It Comes at Night is a contemplative addition to A24’s ever growing catalog of thought provoking cinema. The story is a straight-forward yet emotionally complex bare-bones post-outbreak tale of life in a newly devastated world.
The world of It Comes, however, feels somehow both alien and very lived in. We are introduced to a family putting their elderly, infected father to rest. Paul and Will are emotional, but the ceremony is all but removed from a gunshot and then burning of the body; the man’s daughter, Sarah, sobbing within the home, aware of the business but instructed to stay clear.
From the onset of this intense introduction, the game is ramped up even further when he catches Will attempting to ransack an assumed abandoned home. Through tragedy and darkness, bonds are formed and questioned again and again, making for an emotional experience.
The titular ‘It’ I initially presumed to be the sickness, or perhaps even an errant creature I come to find out is something very different. It is the darkness within all of us, and in its many shades. There is darkness in losing civilization, in having to watch your father deteriorate and pass, but there is a greater darkness that pervades the screen.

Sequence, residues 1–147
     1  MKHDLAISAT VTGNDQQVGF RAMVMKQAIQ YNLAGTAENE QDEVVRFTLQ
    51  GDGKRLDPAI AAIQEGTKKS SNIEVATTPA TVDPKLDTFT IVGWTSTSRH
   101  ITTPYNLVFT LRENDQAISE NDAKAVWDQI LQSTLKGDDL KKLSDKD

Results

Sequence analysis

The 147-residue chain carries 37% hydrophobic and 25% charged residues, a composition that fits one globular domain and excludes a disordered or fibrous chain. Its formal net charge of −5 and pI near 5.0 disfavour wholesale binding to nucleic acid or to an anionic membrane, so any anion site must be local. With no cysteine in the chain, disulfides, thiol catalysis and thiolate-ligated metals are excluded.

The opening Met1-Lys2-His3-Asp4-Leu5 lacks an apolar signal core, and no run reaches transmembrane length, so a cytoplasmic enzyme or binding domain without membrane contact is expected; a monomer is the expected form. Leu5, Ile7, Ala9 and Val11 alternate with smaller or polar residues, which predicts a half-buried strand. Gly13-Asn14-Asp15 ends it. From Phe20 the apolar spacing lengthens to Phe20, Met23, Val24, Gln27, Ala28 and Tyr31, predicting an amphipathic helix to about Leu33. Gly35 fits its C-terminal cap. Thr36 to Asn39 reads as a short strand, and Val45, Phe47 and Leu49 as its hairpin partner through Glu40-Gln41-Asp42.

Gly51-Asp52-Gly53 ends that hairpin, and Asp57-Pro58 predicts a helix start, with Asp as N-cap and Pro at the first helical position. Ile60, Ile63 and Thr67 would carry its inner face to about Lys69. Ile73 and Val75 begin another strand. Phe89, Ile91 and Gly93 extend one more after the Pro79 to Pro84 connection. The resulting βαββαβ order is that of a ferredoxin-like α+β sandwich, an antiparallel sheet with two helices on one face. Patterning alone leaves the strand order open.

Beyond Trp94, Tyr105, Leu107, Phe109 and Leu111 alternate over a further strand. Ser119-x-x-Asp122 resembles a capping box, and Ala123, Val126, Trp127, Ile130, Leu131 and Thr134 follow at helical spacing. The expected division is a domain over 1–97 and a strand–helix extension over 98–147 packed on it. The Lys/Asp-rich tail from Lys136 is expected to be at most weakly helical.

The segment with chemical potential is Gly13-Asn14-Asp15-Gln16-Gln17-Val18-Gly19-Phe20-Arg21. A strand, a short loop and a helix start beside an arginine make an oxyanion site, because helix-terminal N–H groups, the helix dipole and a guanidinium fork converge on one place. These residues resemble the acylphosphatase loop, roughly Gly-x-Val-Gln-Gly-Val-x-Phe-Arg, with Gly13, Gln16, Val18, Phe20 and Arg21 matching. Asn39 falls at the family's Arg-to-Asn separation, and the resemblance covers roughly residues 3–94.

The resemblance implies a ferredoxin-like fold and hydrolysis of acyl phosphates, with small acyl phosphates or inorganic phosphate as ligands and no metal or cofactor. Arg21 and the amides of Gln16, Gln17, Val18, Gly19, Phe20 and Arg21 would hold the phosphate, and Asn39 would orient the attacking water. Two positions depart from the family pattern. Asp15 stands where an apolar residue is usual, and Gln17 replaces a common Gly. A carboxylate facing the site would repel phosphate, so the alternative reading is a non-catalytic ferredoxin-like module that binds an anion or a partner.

That is, the darkness of the suffering and rage that can be wrought from a tense situation misread and escalated. The darkness of not knowing what anyone could be thinking, what they might intend to do to you, your pets, or even your family. Or even the simple darkness of a home lit sparsely by flash and candlelight, echoing with strange, inexplicable sounds.
What writer director Trey Edward Shults has captured in ‘It Comes at Night’ is the often unspeakable tension of protecting the people you love in the home you made, at all costs.